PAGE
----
SciELO - Scientific Electronic Library Online

vol.24 número1Iron deficiency in children and adolescents with attention deficit hyperactivity disorder: Does the relationship exist?Predictors of quality of life among community psychiatric patients in a peri-urban district of Gauteng province, South Africa índice de autoresíndice de assuntospesquisa de artigos
Home Pagelista alfabética de periódicos  

Serviços Personalizados



Links relacionados

  • Em processo de indexaçãoCitado por Google
  • Em processo de indexaçãoSimilares em Google


South African Journal of Psychiatry

versão On-line ISSN 2078-6786
versão impressa ISSN 1608-9685

S. Afr. j. psyc. vol.24 no.1 Pretoria  2018 



Caregiver and youth self-reported emotional and behavioural problems in Ugandan HIV-infected children and adolescents



Leigh L. van den HeuvelI; Jonathan LevinII; Richard S. MpangoIII; Kenneth D. GadowIV; Vikram PatelV; Jean B. NachegaVI; Soraya SeedatI; Eugene KinyandaIII

IDepartment of Psychiatry, Faculty of Medicine and Health Sciences, Stellenbosch University, South Africa
IISchool of Public Health, Faculty of Health Sciences, University of the Witwatersrand, South Africa
IIIMental Health Project, MRC/UVRI Uganda Research Unit on AIDS/Senior Wellcome Trust Fellowship, Entebbe, Uganda
IVDepartment of Psychiatry, Stony Brook University, United States
VDepartment of Global Health and Social Medicine, Harvard Medical School, Massachusetts, United States
VIDepartments of Epidemiology, Infectious Diseases and Microbiology, University of Pittsburgh Graduate School of Public Health, United States





INTRODUCTION: We determined the prevalence of, and factors associated with, self-rated emotional and behavioural problems (EBPs) and assessed the agreement between self-rated and caregiver-rated EBPs in the 'Mental health among HIV-infected Children and Adolescents (CA-HIV) in Kampala and Masaka, Uganda' (CHAKA) study. Existing literature demonstrates that CA-HIV face increased mental health challenges related to a broad range of biological and psychosocial factors. There is scarce data on self-reported EBPs in CA-HIV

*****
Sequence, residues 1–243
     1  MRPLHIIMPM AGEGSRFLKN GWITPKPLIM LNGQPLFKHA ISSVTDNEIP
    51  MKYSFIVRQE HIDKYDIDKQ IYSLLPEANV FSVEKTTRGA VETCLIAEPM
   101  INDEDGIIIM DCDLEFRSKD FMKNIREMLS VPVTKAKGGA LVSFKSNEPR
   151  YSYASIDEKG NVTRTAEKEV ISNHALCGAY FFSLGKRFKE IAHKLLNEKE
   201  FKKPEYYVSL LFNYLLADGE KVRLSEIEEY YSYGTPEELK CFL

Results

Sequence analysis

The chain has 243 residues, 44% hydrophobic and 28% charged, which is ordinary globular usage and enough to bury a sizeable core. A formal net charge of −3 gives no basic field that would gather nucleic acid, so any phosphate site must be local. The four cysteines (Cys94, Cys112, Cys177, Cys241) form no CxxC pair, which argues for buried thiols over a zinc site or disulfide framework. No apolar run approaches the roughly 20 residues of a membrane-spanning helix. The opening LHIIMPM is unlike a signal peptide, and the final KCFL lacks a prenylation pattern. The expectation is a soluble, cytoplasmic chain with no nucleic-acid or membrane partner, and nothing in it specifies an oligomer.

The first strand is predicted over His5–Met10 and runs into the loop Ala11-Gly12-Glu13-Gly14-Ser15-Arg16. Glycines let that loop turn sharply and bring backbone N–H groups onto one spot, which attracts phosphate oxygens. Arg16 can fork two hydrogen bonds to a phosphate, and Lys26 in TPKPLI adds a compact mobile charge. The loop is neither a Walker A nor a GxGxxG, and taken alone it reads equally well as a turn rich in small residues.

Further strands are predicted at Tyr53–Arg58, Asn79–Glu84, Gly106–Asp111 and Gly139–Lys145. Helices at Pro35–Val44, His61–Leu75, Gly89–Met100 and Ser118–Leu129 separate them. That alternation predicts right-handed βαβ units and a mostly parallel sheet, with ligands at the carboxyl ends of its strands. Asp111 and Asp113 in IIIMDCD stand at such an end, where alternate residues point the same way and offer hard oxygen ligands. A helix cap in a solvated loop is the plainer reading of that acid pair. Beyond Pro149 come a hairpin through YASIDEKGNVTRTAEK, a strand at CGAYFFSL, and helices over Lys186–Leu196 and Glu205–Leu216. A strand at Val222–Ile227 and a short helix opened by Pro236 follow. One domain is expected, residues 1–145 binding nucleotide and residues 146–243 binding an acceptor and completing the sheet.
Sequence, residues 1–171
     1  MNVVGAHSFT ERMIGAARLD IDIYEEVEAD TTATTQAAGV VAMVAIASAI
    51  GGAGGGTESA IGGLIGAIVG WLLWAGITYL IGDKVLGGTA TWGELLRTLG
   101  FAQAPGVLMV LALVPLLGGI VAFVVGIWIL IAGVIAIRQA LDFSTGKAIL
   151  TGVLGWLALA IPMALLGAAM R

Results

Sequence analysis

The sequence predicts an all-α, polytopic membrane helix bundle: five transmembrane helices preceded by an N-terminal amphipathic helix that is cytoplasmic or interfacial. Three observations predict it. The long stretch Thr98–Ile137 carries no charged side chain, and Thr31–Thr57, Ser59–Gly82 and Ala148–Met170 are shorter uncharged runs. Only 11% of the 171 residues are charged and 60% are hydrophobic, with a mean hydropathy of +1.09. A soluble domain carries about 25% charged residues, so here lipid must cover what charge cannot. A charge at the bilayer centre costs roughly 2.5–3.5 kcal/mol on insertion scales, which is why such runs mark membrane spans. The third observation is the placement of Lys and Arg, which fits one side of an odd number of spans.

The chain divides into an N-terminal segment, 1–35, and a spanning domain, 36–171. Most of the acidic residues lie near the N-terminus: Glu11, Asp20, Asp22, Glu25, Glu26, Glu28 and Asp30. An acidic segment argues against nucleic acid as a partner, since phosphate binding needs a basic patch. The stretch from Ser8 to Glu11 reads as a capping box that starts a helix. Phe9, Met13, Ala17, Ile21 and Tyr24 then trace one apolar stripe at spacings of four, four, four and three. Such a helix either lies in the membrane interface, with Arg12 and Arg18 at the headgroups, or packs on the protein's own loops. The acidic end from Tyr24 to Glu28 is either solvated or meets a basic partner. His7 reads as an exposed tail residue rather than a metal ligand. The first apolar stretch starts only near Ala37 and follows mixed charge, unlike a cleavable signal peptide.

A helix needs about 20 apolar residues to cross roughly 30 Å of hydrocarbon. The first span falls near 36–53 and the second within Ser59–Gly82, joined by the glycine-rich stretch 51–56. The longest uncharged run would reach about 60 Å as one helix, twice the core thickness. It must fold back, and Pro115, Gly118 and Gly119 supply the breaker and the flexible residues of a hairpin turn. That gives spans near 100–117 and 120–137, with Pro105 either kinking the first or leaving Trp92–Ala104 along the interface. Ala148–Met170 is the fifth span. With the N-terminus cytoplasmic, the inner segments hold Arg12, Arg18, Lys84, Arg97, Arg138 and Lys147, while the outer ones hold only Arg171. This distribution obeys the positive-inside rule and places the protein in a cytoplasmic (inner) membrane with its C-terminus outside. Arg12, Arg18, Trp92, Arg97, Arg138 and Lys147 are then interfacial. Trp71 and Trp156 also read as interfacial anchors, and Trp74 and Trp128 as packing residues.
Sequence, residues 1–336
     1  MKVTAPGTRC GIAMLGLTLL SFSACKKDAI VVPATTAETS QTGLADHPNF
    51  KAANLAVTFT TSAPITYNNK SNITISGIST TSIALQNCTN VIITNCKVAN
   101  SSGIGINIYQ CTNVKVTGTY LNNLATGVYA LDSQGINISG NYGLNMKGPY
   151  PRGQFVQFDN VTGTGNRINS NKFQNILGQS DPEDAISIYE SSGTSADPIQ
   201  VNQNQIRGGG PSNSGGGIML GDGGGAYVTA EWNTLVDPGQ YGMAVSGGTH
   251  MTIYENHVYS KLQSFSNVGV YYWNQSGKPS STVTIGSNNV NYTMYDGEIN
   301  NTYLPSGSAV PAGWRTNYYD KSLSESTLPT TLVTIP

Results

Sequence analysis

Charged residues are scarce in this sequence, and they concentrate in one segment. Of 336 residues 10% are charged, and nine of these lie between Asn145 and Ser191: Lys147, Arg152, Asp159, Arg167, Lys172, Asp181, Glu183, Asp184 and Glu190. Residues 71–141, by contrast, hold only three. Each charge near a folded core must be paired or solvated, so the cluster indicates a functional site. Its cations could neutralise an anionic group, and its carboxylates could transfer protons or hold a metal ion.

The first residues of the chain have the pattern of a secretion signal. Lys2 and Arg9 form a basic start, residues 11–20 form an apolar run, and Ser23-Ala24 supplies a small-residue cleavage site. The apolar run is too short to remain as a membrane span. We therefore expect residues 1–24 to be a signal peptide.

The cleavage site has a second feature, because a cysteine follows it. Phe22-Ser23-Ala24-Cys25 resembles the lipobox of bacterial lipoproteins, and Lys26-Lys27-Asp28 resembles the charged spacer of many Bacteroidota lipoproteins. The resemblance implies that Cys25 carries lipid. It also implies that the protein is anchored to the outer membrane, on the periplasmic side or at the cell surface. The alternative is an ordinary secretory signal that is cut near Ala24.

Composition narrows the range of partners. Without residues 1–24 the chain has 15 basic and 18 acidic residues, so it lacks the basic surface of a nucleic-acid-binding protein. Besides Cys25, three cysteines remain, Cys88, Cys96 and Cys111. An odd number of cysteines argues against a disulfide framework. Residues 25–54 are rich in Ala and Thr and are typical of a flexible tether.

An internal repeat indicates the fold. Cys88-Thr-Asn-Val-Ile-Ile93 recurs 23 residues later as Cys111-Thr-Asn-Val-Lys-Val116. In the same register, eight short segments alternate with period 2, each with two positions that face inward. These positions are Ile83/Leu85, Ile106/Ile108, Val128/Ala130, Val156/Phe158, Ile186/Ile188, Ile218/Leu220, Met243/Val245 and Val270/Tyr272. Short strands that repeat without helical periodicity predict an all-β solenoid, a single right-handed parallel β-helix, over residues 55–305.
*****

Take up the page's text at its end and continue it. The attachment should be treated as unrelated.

METHODS: In a cross-sectional sample, caregiver-reported EBPs were assessed with the Child and Adolescent Symptom Inventory-5 (CASI-5), and self-reported problems were evaluated with the Youth Inventory-4 (YI-4) in 469 adolescents aged 12-17 years and the Child Inventory-4 (CI-4) in 493 children aged 8-11 years. Logistic regression models were utilised to determine factors related to self-reported EBPs.
RESULTS: Self-reported emotional problems (EPs) were present in 28.8% of the adolescents and were associated with caregivers being separated and having a lower level of education. Among adolescents, 14.5% had self-reported behavioural problems (BPs), and these were associated with caregiver unemployment and food insecurity. Self-reported EPs were reported by 36.9% of children and were associated with rural study sites, having missed school and caregivers having a lower level of education. There was only modest agreement (maximum r = 0.29) between caregiver- and CA-HIV-reported EBPS, with caregivers reporting more EPs and adolescents reporting more BPs.
CONCLUSION: Self-reported EBPs are frequently endorsed by CA-HIV, and these problems are related to unique psychosocial factors. Including CA-HIV, self-report measures can assist in identifying problems that caregivers may not be aware of, particularly BPs.



Leigh van den Heuvel



Note: A selected abstract from papers presented at the 19th National Congress of the South African Society of Psychiatrists in ‘Professional Psychiatric Practice: Medical, Socio-Economic & Cultural Perspectives’, 21–24 September 2018, at the CSIR, Pretoria, South Africa. The congress is hosted by South African Society of Psychiatrists (SASOP).

Creative Commons License Todo o conteúdo deste periódico, exceto onde está identificado, está licenciado sob uma Licença Creative Commons